A DOUGLAS cabbie has brought his case for compensation over a disputed parking ticket to the small claims court.
Stewart Douglas, originally from Los Angeles, moved to the island 11 years ago and had worked as a taxi driver here for the last nine years.
On June 30 last year, he was given a fixed penalty notice for parking the vehicle he uses for his carpet cleaning business in a taxi rank space outside Colours nightclub on Central Promenade.
Mr Douglas, 50, of Woodbourne Road, refused to pay the £40 fine and lodged an appeal, insisting the painted signs on the road indicated it was only a taxi rank between 8pm and 4am Friday to Sunday.
‘It’s not a taxi rank on Monday afternoons which was when I parked there,’ he said.
The parking administration officer in the Department of Infrastructure initially stood by the decision to issue the ticket, saying there were clear markings on the road indicating the area is a taxi rank. A sign on a pole indicates no parking at any time except taxis 8pm to 4am Friday to Sunday.
But following the intervention of his MHK, Brenda Cannell, the then Infrastructure Minister Phil Gawne asked his officers to investigate. After concluding that the signage and road markings were confusing, the fixed penalty notice was subsequently withdrawn.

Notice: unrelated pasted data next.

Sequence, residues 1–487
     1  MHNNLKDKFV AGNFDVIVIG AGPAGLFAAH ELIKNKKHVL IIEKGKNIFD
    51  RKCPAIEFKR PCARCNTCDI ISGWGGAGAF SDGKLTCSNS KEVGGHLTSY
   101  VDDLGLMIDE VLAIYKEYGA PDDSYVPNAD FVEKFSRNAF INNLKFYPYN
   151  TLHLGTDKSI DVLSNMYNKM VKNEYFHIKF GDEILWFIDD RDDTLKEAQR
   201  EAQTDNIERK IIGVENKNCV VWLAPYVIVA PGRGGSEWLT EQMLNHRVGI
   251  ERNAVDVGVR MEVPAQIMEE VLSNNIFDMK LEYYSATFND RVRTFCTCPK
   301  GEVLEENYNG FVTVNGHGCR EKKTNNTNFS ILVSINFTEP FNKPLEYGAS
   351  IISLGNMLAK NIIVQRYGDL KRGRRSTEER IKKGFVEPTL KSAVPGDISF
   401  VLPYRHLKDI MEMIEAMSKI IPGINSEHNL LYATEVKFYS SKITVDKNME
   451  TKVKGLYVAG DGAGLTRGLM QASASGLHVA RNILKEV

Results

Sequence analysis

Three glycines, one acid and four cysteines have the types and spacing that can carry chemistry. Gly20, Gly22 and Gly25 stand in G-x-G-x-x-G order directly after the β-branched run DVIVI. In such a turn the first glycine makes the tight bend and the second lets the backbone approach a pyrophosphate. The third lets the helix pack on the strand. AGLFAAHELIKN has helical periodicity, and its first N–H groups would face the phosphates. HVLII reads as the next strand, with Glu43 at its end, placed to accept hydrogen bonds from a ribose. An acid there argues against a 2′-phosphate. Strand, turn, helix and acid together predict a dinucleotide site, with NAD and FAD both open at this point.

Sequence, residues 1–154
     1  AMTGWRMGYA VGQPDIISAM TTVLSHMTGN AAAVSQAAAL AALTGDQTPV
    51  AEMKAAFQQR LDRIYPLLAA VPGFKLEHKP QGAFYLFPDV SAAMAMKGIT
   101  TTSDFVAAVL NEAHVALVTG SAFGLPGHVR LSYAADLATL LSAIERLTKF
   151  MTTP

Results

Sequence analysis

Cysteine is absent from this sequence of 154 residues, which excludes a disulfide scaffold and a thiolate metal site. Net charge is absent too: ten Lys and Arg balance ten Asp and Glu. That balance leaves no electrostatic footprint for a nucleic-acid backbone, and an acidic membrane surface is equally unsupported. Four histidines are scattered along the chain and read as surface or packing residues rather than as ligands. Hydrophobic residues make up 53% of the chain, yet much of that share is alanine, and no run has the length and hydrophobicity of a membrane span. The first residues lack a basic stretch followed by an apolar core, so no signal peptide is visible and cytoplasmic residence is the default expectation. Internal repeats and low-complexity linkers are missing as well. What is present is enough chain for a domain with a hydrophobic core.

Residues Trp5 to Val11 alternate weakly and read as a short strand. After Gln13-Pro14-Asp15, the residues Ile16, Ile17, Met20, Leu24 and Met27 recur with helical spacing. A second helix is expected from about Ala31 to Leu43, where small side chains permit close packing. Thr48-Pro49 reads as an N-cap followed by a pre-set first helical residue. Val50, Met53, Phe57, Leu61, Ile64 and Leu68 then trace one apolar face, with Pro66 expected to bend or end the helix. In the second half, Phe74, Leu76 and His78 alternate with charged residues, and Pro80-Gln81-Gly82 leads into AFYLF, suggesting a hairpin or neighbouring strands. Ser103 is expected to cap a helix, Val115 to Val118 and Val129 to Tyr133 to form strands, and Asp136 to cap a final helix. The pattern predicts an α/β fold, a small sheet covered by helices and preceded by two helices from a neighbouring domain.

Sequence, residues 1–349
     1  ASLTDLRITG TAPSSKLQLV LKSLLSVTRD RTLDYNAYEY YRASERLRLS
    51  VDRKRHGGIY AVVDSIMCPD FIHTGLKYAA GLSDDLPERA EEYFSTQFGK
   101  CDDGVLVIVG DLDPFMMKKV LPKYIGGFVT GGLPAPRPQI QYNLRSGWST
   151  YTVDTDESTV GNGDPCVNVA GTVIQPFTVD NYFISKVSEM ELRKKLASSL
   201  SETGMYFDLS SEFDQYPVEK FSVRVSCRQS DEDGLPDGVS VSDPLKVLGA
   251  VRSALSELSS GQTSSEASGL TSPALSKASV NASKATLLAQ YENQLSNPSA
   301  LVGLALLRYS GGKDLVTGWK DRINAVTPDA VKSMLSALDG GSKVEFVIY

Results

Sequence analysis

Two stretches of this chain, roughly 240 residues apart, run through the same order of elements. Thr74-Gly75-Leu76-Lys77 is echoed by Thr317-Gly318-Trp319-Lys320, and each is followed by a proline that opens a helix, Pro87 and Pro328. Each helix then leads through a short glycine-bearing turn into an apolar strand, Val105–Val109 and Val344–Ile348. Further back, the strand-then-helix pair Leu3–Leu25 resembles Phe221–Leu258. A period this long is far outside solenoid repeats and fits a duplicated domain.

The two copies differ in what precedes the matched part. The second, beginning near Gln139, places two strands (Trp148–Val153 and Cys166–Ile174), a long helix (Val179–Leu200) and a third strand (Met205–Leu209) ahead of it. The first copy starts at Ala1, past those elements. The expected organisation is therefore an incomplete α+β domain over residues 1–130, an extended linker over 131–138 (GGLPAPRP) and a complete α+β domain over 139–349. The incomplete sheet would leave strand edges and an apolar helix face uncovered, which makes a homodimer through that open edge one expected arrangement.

Mr Douglas appeared in the small claims court for a preliminary hearing on Tuesday, seeking compensation of £249.50 for costs he says he incurred in fighting his case.
The hearing was adjourned until September 26, pending a decision on whether he was entitled to seek compensation for expenses.
In the meantime, he has offered to settle for the amount of £120.40 and is waiting a decision from the Department of Infrastructure.
Mr Douglas claims that ‘hundreds’ of other motorists have been issued with a parking ticket at the same spot.
He alleged the same parking warden - who has signed the fixed penalty notice with a ‘Z’ - had specifically targeted cars parked in the taxi rank outside Colours. ‘It’s a little honey pot,’ he said.
There are two lay-bys outside the Palace Hotel, separated by a build-out, one of which used to a taxi rank but which is now normal on-street parking.
Mr Gawne in his letter to Mrs Cannell said he had arranged for faded road markings in this lay-by to be removed.
He accepted the signage in the second lay-by where Mr Douglas had parked ‘may be a little confusing’, with the road markings displaying the taxi rank timings not clearly visible when vehicles are parked there. He said he had requested extra, clearer signs.
But Mr Douglas said that there had been no change to the signage except the introduction of double yellow lines.
Director of highways Richard Pearson said it was inappropriate to comment on a matter before the courts. ‘We would not wish to prejudice the outcome in any way,’ he said.